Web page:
Kaimū Beach, also known as Black Sand Beach, 1959. Beginning in 1983, eruption from the Kīlauea volcano began to affect the area, completely covering it by 1990.
|Alternate name||Kaimu Beach Park|
Kaimū was a small town in the Puna District on Island of Hawaiʻi that was completely destroyed by an eruptive flow of lava from the Kūpaʻianahā vent of the Kīlauea volcano in 1990. In Hawaiian, kai mū means "gathering [at the] sea" as to watch surfing. The lava flow that destroyed Kaimū and nearby Kalapana erupted from the southeast rift zone of Kīlauea.
Kaimū was located on Kaimū Bay. The bay was noteworthy for its spectacularly beautiful black sand beach which was surrounded by shady palm trees. Now both the bay and the town are buried under some 50 feet of lava. A large section of State Route 130 (Kaimu-Chain of Craters Road) was also covered by the lava. The road is on top of the cooled lava now, with some homes built on top of the lava. There is also the New Beach, black sand like the old, where locals and caring visitors are helping to restore what was lost for future generations by bringing sprouted coconuts and planting them.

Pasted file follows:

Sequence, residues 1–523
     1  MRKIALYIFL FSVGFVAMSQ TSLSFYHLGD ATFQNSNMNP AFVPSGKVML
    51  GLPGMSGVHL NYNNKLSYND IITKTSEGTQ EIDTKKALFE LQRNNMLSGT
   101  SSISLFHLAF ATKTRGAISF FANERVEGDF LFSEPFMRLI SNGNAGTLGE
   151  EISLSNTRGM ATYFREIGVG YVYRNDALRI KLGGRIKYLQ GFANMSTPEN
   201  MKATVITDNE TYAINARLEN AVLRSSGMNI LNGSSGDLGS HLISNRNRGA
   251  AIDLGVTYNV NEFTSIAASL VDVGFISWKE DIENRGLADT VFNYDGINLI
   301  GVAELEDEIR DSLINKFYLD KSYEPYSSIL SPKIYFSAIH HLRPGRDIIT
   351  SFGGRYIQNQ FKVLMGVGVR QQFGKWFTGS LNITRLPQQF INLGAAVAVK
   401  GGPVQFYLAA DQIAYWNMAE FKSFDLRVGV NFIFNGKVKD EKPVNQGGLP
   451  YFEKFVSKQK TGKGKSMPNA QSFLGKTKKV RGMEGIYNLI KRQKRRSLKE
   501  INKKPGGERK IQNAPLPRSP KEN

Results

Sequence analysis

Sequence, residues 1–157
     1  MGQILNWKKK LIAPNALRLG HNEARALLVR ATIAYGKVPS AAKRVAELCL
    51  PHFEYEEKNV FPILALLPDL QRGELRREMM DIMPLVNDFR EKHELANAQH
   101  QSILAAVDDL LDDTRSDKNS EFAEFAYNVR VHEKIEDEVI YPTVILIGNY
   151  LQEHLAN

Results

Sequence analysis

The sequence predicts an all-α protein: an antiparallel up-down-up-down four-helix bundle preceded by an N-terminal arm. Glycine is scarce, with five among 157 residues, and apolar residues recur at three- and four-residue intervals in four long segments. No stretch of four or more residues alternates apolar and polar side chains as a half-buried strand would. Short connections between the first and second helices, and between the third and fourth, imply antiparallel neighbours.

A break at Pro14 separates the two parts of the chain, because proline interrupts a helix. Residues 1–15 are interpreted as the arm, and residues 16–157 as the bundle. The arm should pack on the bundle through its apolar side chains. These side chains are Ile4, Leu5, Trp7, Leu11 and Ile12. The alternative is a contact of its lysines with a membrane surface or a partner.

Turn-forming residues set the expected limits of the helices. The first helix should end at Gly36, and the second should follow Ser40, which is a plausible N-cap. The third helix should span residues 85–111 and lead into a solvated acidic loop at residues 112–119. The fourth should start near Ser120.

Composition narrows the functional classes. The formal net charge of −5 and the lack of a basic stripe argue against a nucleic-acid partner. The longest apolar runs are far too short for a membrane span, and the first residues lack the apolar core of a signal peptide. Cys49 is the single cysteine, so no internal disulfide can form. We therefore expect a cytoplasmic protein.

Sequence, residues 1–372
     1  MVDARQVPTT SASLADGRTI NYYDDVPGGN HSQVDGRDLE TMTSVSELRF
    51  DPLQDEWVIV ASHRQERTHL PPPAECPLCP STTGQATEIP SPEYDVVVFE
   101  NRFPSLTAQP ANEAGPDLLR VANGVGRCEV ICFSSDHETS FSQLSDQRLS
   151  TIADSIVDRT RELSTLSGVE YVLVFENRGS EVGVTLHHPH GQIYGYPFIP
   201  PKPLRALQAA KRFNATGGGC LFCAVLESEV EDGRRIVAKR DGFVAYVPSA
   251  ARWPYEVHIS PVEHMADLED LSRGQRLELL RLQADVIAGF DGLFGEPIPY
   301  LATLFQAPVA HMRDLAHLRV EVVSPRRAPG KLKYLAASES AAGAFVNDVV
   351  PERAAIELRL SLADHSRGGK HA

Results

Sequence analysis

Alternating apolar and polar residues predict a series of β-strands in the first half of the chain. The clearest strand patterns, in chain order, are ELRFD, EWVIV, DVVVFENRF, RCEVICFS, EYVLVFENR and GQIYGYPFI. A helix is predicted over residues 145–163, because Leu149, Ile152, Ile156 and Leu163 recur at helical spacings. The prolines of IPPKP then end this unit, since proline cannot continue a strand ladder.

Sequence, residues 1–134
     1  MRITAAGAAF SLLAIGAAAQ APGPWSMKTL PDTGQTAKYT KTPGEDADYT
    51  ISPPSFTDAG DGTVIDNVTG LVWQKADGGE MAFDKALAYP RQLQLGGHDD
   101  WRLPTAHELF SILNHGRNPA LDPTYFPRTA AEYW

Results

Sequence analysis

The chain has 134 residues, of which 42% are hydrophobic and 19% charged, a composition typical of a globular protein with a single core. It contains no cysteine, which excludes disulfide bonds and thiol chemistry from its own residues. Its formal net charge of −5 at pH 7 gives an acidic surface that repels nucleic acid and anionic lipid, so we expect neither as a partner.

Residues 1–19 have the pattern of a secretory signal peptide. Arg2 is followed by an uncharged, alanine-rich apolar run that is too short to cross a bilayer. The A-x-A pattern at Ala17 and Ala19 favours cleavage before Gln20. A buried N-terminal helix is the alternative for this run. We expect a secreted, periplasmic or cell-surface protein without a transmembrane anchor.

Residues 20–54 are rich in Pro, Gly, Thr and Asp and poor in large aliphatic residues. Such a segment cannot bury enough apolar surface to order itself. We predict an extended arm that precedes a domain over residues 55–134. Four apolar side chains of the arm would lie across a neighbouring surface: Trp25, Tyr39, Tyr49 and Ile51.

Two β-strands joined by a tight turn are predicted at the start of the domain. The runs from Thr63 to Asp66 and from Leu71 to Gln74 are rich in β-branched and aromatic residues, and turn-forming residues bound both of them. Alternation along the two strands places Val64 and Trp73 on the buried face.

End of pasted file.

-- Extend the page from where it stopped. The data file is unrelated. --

Before volcanic destruction 
After volcanic destruction 
- Mary Kawena Pukui, Samuel Hoyt Elbert and Esther T. Mookini (2004). "lookup of Kaimū". in Place Names of Hawai'i. Ulukau, the Hawaiian Electronic Library, University of Hawaii Press.
- Summary of the Pu`u `Ō `ō-Kupaianaha Eruption, 1983-present
- Mary Kawena Pukui and Samuel Hoyt Elbert (2003). "lookup of kai". in Hawaiian Dictionary. Ulukau, the Hawaiian Electronic Library, University of Hawaii Press.; Mary Kawena Pukui and Samuel Hoyt Elbert (2003). "lookup of mū". in Hawaiian Dictionary. Ulukau, the Hawaiian Electronic Library, University of Hawaii Press.
- PunaGuide: Beaches
- USGS.GOV - Hawaiian Volcano Observatory summary
- Puna Beaches
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